2018 Prime Minister’s Literary Awards shortlists announced

Media release
17 Oct 2018
Prime Minister, Minister for Communications and the Arts

The shortlists for this year’s Prime Minister’s Literary Awards have today been announced by Prime Minister Scott Morrison and Minister for Communications and the Arts, Senator Mitch Fifield.

The Awards play an important role in supporting a national appreciation of Australian literature and provide acknowledgement and recognition for authors and illustrators.

Prime Minister Scott Morrison said the Awards reinforce the contribution literary arts make to Australia.

“I am pleased to announce this year’s shortlists. We have a wonderful group of talented authors and I welcome the opportunity to share their works with Australians,” said Prime Minister Morrison.

Minister Fifield said reading has far reaching benefits, it expands our understanding and stimulates our imagination. These Awards reinforce the importance of literature and reading across all ages.

“This year we received more than 500 entries across the six prize categories, an exceptional response from our writers, poets, illustrators and historians,” Minister Fifield said.

“I’d particularly like to acknowledge our panels comprising 15 judges who have read through and shortlisted 30 of this year’s entries.”

For more information about the books, authors and to see the judges’ comments, visit www.arts.gov.au/pmla.

The 2018 Prime Minister’s Literary Awards shortlists are:

Children’s literature

  • Feathers, Phil Cummings and Phil Lesnie, Scholastic Australia
  • Figgy Takes the City, Tamsin Janu, Scholastic Australia
  • Hark, It’s Me, Ruby Lee!, Lisa Shanahan and Binny Talib, Hachette Australia
  • Pea Pod Lullaby, Glenda Millard and Stephen Michael King, Allen & Unwin
  • Storm Whale, Sarah Brennan and Jane Tanner, Allen & Unwin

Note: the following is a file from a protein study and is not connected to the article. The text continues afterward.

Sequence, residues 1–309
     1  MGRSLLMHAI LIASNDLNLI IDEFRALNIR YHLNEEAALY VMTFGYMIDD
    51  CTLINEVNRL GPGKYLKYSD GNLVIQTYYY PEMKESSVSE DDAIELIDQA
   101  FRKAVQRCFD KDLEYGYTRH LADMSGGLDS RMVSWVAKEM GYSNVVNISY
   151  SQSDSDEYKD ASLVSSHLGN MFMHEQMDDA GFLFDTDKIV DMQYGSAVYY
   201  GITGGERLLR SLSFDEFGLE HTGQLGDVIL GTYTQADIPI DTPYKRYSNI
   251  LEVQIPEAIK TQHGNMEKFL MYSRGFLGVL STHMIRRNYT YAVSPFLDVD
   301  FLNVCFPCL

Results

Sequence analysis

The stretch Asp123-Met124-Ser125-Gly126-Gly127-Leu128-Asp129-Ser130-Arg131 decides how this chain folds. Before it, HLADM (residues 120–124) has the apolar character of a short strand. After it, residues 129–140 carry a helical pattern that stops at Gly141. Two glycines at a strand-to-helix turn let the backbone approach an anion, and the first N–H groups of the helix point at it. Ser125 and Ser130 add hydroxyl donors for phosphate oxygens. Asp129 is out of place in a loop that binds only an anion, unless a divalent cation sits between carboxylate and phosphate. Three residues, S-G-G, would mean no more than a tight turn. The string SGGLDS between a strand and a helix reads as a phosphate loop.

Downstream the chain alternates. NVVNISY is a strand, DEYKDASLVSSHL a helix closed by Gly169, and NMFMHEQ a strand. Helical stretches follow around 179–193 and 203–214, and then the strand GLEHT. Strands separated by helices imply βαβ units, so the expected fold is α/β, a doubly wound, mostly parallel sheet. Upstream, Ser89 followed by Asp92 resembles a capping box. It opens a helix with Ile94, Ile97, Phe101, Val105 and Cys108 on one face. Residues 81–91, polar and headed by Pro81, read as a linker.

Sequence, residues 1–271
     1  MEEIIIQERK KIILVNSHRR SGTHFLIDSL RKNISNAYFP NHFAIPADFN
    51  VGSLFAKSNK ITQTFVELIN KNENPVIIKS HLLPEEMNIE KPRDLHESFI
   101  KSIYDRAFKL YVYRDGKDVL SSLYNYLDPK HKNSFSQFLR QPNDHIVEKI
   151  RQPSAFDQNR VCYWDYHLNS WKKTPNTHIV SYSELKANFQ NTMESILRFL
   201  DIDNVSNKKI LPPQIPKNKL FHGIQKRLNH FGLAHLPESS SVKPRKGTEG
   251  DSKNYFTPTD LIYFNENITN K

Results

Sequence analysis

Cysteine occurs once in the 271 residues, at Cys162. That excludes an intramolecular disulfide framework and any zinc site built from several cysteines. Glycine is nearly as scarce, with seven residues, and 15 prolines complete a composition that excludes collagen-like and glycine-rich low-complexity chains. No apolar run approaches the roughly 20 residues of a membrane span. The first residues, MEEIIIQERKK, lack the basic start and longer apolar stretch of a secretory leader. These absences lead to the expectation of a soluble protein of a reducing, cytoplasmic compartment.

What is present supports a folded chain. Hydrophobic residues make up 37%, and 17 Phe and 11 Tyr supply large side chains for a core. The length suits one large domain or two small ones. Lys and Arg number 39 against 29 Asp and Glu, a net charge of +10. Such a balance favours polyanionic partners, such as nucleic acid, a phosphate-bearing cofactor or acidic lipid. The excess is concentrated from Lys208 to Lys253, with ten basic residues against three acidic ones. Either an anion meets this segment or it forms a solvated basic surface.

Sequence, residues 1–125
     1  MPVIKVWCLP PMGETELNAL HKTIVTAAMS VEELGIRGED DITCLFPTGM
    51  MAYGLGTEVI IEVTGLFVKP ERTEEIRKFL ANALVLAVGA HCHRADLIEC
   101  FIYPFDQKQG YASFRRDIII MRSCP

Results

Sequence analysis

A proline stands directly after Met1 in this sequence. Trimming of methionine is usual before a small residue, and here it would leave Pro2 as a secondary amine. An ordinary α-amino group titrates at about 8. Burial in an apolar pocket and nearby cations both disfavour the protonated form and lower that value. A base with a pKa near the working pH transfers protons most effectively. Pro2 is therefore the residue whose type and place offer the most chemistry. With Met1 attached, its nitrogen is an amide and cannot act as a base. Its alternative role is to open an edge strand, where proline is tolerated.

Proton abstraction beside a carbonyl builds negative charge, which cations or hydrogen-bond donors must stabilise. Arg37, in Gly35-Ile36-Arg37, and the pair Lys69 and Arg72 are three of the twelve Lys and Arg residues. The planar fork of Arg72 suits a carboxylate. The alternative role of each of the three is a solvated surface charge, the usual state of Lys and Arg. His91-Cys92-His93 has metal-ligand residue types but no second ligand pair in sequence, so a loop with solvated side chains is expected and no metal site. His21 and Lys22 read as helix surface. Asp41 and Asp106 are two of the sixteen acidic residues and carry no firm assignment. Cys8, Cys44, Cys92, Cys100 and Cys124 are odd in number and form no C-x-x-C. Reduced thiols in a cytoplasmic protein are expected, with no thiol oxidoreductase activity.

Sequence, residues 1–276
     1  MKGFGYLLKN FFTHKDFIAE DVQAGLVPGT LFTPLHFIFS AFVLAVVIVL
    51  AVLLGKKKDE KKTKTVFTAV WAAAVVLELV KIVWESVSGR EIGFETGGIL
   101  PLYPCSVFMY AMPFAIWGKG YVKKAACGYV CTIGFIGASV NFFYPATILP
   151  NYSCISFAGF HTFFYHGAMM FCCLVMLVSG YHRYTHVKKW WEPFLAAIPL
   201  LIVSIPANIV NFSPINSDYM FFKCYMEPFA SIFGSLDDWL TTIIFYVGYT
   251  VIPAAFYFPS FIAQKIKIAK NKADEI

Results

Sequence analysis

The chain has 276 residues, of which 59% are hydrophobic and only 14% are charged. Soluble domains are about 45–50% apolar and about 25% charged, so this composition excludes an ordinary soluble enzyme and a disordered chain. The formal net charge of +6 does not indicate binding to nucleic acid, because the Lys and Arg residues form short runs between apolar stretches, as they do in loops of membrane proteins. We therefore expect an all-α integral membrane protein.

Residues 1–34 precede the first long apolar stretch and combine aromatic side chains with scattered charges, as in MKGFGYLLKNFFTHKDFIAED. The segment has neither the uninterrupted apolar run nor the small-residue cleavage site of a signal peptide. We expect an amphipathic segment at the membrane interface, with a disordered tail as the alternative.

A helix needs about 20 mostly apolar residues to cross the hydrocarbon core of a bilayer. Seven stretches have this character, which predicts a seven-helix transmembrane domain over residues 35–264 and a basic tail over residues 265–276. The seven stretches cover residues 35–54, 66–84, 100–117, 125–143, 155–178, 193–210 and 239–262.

Young Adult literature

  • Living on Hope Street, Demet Divaroren, Allen & Unwin
  • My Lovely Frankie, Judith Clarke, Allen & Unwin
  • Ruben, Bruce Whatley, Scholastic Australia
  • The Ones that Disappeared, Zana Fraillon, Hachette Australia
  • This is My Song, Richard Yaxley, Scholastic Australia


  • A Long Way from Home, Peter Carey, Penguin Random House
  • Border Districts, Gerald Murnane, Giramondo Publishing
  • First Person, Richard Flanagan, Penguin Random House
  • Taboo, Kim Scott, Pan Macmillan
  • The Life to Come, Michelle de Kretser, Allen & Unwin


  • Archipelago, Adam Aitken, Vagabond Press
  • Blindness and Rage: A Phantasmagoria, Brian Castro, Giramondo Publishing
  • Chatelaine, Bonny Cassidy, Giramondo Publishing
  • Domestic Interior, Fiona Wright, Giramondo Publishing
  • Transparencies, Stephen Edgar, Black Pepper


  • Asia’s Reckoning, Ricard McGregor, Penguin Random House UK
  • Mischka’s War: A European Odyssey of the 1940s, Sheila Fitzpatrick, University of Melbourne Publishing.
  • No Front Line: Australia’s Special Forces at War in Afghanistan, Chris Masters, Allen & Unwin
  • The Library: A Catalogue of Wonders, Stuart Kells, Text Publishing      
  • Unbreakable, Jelena Dokic and Jessica Halloran, Penguin Random House

Australian history

  • Beautiful Balts: From Displaced Persons to New Australians, Jayne Persian, NewSouth Publishing
  • Hidden in Plain View: The Aboriginal People of Coastal Sydney, Paul Irish, NewSouth Publishing
  • Indigenous and Other Australians Since 1901, Timothy Rowse, NewSouth Publishing
  • John Curtin’s War: The coming of war in the Pacific, and reinventing Australia, volume 1, John Edwards, Penguin Random House
  • The Enigmatic Mr Deakin, Judith Brett, Text Publishing